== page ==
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Register the most suitable structure for your business.

On this page

  • What a partnership is
  • Key factors for choosing this structure
  • Register as a partnership
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Partnership explained

A partnership is formed when two or more people (up to 20) go into business together. Partnerships can either be general or limited. 

General partnership

A general partnership is one where all partners are equally responsible for the management of the business, and each has unlimited liability for the debts and obligations it may incur.

A family partnership is where two or more members are related to one another.

Limited partnership

A limited partnership is one where the liability of one or more partners for the debts and obligations of the business is limited. A limited partnership consists of one or more general partners (whose liability is unlimited) and one or more limited partners (whose liability is limited in proportion to their investment). There is no maximum number of limited partners. 

An incorporated limited partnership is a special type of limited partnership, primarily used by businesses engaged in high-risk venture capital projects. You should seek expert legal advice if considering forming this type of partnership. More information can be found in our incorporated association section.

Limited and incorporated limited partnerships must be registered with Consumer Affairs Victoria (CAV).

Partnerships are governed by the Partnership Act 1958.

If you are unsure about what's right for your business, our step by step guide can give you a simple & quick assessment of which structure is more suitable for your business. You can change your business structure to suit your circumstances,when the business grows or changes direction.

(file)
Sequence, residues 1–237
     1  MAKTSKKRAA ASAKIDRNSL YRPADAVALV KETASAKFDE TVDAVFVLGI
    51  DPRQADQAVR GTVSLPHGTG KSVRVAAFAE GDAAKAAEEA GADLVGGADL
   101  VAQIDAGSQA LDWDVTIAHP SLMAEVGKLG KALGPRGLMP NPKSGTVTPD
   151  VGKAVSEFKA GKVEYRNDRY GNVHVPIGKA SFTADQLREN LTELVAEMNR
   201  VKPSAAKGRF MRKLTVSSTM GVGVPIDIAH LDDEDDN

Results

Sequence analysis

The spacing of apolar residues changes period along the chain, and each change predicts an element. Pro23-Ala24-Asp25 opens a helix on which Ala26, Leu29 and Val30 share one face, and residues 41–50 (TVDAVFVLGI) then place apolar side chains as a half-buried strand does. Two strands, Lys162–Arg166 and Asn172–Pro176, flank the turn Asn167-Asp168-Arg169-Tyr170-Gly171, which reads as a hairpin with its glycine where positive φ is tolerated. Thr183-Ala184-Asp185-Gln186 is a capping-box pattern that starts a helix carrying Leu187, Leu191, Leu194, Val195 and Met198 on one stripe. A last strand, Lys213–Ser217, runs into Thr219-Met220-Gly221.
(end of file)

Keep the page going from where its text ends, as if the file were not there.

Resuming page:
Step-By-Step: Choose the best business structure for you

Key factors to consider

Business name

If you are operating under your own personal names there is no need to register but you must register a business name if you have one. For more details and examples read more in Register a business name.

Tax registrations

Tax File Number (TFN)

A partnership has its own Tax File Number (TFN), and usually an Australian Business Number (ABN) and lodges its own, separate tax return. However, once the ATO assesses this, the partnership’s profits are divided among the partners as set out in the partnership agreement.

Each partner then adds their share of the profit (or loss) to their personal income tax for assessment by the ATO.

Goods and Services Tax (GST)

If operating as a business enterprise, the partnership registers to collect GST when annual turnover passes $75,000 (payable monthly, quarterly or annually). The ATO's 'personal services income' rules may apply if you are a consultant or contractor in a partnership. 


As a member of a partnership, you are responsible for your own super arrangements because you are not an employee of the partnership. You may also be able to claim separately a deduction for personal super contributions you make.

Employing people

If you employ people, you will have responsibilities, including employee payroll tax and PAYG (including reporting and paying tax on fringe benefits) and superannuation payments for any eligible employees.

ATO's Partnership Tax Return information will help when filing your returns.

Register as a partnership

Once you have looked at the pros and cons, to register as a partnership you will have to:

  1. determine the number of partners (if any) - both general and limited (if any). Agree amongst the partners on key issues such as limits of liability in proportion to their capital investment and the level of authority each partner holds in making binding agreements on behalf of the partnership
  2. draw up a Partnership Agreement highlighting key aspects such as the roles, authority and liabilities of each partner, and distribution of profits and assets. See the sample Partnership Agreement template at on what areas it should cover. Your solicitor will be able to draw up an Agreement that will meet your specific needs
  3. if you and your partners are not trading under your personal names, check that your proposed business name doesn't infringe on existing trademarks - use TM Check to find out.
  4. register your business name
  5. if setting up a limited partnership register your partnership with Consumer Affairs Victoria
  6. apply for the relevant licences and registrations
  7. find the right insurance for your business.